But a grey eyelash????
I could not resist telling him, though I told him only about a month later. His reaction was, "acha?" And thats it. And it prompted him to console me by telling that he understands how horrible the first discovery can be. Bless him for that. My Knight in Armour always comes to my rescue !!!
Everytime I see the mirror, I want to avoid it. But somehow it sometimes fascinates me to see that grey eyelash that is known only to me, and now to Mahesh. Well, I have made peace with my grey eyelash since. I am ok with it now. Guess it will have more friends soon. Very chivalrously I wait for them.

Did someone mention aging gracefully…??

Sunday, April 01, 2007

Jai’s Worries

They say, worries start as you grow older. Jaiteg is going to turn 5 this April 11th. He is already worried. He is worried about the content of sugar in the foods that he eats.
It so happened that one day his didi and I were talking about the bad sugar- sugar that might kill if habitually taken in large amounts. And Jai was close by, he immediately shot a question, “does one die with sugar?” “Yes,” I said, “but only if you take too much of it. And it kills slowly. It’s not like it will kill one today”. But a child is a child. Everything else got awashed from his little head. The “killing nature of sugar” stayed back in his mind. He said, “Mama I have eaten sugar today. Will I die?” Oh dear dear. I wanted to hug him and tell him “maa sadkey, why would you die.” But I told him “no, you won't. Because you keep walking and running about so it gets burned by your body and it wont do you any harm”. But boy, he was worried. And the devil of a didi he has got, she said, “Yes Jai, the sugar is not good for you”(she can herself consume chocolates in wholesale if given the opportunity). Jai was upset, visibly upset. So he started to take extra precaution. That night, he took a stroll. It was so funny to watch him take a walk in the living room with his small legs while we dined. He was walking briskly to and fro - in an obvious effort to burn any kind of sugar that he might have in his system.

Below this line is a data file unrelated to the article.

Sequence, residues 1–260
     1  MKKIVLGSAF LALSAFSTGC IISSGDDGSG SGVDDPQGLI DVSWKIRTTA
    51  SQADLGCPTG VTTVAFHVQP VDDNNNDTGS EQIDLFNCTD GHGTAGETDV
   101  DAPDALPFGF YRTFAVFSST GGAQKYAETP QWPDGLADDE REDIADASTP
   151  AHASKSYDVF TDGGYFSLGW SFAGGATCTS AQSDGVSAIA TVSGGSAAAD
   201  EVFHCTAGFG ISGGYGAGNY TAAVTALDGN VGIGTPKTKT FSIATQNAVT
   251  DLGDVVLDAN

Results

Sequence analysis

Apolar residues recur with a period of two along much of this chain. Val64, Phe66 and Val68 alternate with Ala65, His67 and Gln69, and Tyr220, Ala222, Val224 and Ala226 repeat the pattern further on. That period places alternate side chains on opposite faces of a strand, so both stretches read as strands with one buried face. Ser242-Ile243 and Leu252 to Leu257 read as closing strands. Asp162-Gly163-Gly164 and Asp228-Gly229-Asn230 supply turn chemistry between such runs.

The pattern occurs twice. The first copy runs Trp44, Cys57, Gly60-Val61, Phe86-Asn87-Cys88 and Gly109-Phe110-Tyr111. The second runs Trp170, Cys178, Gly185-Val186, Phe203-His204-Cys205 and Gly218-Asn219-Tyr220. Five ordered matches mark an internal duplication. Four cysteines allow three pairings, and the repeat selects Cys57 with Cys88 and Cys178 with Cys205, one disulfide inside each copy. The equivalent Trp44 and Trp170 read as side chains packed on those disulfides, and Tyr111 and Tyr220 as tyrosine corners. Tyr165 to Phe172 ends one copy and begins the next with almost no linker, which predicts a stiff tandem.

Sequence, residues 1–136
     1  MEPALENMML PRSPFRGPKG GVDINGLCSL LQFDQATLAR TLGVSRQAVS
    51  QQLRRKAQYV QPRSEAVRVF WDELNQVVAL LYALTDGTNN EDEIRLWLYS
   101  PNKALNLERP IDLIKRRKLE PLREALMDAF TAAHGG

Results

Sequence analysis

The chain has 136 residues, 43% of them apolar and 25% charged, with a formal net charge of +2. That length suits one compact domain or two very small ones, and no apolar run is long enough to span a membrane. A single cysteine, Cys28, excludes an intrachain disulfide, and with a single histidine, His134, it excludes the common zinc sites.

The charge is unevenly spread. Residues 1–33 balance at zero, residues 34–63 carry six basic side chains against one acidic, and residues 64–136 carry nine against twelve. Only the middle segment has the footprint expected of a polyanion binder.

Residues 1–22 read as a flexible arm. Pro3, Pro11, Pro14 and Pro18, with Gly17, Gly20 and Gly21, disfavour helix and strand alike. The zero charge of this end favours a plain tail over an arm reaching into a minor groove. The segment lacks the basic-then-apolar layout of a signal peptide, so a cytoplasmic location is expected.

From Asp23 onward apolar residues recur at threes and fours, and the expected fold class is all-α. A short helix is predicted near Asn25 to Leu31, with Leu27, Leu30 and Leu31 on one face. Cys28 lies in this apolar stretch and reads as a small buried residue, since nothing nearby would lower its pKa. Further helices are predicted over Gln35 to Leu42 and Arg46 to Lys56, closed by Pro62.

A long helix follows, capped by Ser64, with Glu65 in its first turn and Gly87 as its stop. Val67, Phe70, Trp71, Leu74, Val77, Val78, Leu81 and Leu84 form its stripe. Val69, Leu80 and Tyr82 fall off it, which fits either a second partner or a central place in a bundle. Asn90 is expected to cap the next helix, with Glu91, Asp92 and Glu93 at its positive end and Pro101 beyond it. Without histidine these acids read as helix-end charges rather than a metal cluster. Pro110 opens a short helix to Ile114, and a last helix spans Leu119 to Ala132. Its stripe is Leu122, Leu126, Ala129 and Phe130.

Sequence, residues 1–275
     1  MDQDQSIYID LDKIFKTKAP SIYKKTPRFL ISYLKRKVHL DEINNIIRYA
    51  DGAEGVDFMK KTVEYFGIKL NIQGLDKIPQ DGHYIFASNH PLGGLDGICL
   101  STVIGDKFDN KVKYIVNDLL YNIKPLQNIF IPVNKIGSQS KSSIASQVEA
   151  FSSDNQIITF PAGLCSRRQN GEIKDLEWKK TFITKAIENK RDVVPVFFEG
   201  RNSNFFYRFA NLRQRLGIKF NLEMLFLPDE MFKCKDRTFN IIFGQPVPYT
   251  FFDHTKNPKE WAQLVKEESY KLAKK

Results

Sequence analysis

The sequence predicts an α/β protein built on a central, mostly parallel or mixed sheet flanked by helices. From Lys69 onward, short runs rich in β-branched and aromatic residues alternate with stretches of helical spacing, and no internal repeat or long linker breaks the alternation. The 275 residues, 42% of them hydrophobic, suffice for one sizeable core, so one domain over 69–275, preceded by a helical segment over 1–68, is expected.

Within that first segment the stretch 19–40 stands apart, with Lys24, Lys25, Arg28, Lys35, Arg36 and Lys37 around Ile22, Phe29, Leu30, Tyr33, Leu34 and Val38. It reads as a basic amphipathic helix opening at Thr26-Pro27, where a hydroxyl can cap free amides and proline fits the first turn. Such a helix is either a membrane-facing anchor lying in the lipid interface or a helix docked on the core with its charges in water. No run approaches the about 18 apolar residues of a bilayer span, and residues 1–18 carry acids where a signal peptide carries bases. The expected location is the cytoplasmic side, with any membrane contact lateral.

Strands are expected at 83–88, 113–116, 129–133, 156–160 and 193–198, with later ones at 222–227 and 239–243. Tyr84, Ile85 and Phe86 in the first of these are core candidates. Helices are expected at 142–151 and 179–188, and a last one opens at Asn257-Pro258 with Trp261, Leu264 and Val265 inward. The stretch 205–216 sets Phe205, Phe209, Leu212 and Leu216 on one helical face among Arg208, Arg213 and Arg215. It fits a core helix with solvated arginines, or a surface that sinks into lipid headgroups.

And this was not all.
He had overheard me telling Rasan that too much of salt, especially the one we consume with chips and packaged snacks, and the salt she likes to lick with her fingers after dipping the wet finger in the salt container, is bad. Here was another cause of worry for him.